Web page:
pure health, and above it the masses of dark hair were bound with a
thin gold circlet. She wore a gown of some soft white stuff, and had
thrown over it a cloak of russet furs.
For a second--or so it seemed to Vernon--she looked at him as he
stood tense and expectant like a runner at the start. Then the
hesitation fled from her face. She ran to him with the confidence of a
child who has waited long for the coming of a friend and has grown
lonely and fearful. She gave him both her hands and in her tall pride
looked him full in the eyes. 'You have come,' she sighed happily. 'I
did not doubt it. They told me there was no help, but, you see, they
did not know about you. That was my own secret. The Monster had nearly
gobbled me, Perseus, but of course you could not come quicker. And now
you will take me away with you? See, I am ready. And Elise will come
too, and old Mitri, for they could not live without me. We must hurry,
for the Monster is very near.'
In that high moment of romance, when young love had burst upon him
like spring, Vernon retained his odd discipline of soul. The adventure
of the dream could not be satisfied by flight, even though his
companion was a goddess.
'We will go, Andromeda, but not yet. I have something to say to the
She broke into a ripple of laughter. 'Yes, that is the better way.
Mitri will admit him alone, and he will think to find us women. But you
will be here and you will speak to him.' Then her eyes grew solemn. 'He
is very cruel, Perseus, and he is full of evil. He may devour us both.
Let us begone before he comes.'
It was Vernon's turn to laugh. At the moment no enterprise seemed
too formidable, and a price must be paid for this far-away princess.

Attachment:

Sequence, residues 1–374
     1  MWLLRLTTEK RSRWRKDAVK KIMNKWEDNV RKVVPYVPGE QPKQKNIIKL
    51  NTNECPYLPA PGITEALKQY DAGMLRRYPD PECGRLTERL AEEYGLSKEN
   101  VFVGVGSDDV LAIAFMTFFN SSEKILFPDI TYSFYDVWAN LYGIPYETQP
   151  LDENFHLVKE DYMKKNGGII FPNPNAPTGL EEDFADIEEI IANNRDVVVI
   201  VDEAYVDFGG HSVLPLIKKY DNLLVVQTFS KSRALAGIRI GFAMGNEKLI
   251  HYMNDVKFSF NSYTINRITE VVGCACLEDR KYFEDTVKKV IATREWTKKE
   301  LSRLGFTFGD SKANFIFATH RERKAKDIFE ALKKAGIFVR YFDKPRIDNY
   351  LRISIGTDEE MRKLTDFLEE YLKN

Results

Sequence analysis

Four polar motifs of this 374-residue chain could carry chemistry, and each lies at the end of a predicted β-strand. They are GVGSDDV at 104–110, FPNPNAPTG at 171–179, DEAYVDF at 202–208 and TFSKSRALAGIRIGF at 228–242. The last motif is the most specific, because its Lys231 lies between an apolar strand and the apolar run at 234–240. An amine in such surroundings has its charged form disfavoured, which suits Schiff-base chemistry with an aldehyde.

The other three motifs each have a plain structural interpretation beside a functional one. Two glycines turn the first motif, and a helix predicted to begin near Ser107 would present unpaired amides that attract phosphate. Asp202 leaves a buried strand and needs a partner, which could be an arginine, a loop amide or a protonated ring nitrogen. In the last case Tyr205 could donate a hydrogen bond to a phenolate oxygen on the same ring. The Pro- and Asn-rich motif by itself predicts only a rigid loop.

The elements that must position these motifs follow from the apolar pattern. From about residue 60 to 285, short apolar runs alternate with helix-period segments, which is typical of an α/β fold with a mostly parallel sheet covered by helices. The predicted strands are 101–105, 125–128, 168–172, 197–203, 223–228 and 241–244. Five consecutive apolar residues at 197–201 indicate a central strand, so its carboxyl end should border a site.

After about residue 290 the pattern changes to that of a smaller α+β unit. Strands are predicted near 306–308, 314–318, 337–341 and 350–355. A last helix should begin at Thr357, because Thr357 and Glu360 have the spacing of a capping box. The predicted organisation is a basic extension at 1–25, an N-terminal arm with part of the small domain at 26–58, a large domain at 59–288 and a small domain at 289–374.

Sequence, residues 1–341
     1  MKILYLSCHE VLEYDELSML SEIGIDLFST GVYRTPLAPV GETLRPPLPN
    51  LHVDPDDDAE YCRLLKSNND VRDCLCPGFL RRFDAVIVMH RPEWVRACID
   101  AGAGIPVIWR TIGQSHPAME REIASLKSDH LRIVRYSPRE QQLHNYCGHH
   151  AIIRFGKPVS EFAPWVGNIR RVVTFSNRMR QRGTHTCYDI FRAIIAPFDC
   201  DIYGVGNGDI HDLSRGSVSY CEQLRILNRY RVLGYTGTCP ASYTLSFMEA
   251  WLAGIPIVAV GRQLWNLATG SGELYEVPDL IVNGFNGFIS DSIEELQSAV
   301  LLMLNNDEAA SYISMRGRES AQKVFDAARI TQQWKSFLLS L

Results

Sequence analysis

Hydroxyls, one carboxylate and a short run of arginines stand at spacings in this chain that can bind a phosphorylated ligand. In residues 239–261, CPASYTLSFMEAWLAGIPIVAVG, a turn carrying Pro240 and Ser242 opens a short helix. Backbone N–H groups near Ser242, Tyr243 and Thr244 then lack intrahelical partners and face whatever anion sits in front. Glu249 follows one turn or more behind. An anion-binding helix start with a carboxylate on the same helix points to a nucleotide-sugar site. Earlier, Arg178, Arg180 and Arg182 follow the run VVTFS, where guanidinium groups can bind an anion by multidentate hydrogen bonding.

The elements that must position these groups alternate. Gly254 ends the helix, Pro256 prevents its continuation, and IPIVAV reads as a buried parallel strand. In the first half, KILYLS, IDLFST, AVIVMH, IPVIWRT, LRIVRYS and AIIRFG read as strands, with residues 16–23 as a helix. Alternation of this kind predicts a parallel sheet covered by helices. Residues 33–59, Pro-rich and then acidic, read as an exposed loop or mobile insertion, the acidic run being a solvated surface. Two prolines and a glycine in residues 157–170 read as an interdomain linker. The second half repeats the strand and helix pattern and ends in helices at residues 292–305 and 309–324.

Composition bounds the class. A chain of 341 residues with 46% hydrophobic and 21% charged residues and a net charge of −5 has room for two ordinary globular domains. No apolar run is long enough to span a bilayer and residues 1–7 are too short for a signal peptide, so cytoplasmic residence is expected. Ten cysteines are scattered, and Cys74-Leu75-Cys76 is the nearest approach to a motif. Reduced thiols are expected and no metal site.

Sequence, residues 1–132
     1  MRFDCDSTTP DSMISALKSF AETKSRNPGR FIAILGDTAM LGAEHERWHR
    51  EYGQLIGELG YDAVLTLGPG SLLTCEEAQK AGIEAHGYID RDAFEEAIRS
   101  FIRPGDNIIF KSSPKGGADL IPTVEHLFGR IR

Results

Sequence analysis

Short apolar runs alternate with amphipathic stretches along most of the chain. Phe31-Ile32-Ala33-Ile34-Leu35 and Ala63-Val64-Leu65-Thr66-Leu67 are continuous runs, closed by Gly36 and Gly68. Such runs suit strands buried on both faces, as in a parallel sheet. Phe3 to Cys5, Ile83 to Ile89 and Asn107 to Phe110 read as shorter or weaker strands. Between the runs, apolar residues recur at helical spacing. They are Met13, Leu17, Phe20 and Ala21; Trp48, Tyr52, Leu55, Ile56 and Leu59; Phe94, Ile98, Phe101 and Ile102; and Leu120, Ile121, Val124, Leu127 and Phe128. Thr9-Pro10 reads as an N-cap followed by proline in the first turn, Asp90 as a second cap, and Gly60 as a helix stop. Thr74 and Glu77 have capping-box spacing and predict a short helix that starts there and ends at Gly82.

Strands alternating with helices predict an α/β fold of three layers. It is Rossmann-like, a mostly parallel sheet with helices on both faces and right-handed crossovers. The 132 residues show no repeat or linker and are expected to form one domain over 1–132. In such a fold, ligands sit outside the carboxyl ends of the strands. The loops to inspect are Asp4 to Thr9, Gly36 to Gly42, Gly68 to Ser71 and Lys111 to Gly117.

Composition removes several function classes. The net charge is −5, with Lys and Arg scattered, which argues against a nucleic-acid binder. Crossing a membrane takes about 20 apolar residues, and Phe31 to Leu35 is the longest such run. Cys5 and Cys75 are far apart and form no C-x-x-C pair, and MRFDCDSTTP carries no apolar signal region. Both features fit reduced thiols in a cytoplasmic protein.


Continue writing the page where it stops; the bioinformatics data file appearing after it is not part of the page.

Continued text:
And even as he laughed the noise of a great bell clanged through the
Mitri stole in with a scared face, and it was from Vernon that he
took his orders. 'Speak them fair, but let one man enter and no more.
Bring him here, and see that the gate is barred behind him. After that
make ready for the road.' Then to the girl: 'Take off your cloak and
wait here as if you were expecting him. I will stand behind the screen.
Have no fear, for I will have him covered, and I will shoot him like a
dog if he lays a finger on you.'
From the shelter of the screen Vernon saw the door open and a man
enter. He was a big fellow of the common mountain type, gorgeously
dressed in a uniform of white and crimson, with boots of yellow
untanned leather, and a beltful of weapons. He was handsome in a coarse
way, but his slanting eyes and the heavy lips scarcely hidden by the
curling moustaches were ugly and sinister. He smiled, showing his white
teeth, and spoke hurriedly in the guttural Greek of the north. The girl
shivered at the sound of his voice, and to the watcher it seemed like
Pan pursuing one of Dian's nymphs.
'You have no choice, my Queen,' he was saying. 'I have a hundred men
at the gate who will do my bidding, and protect you against these fools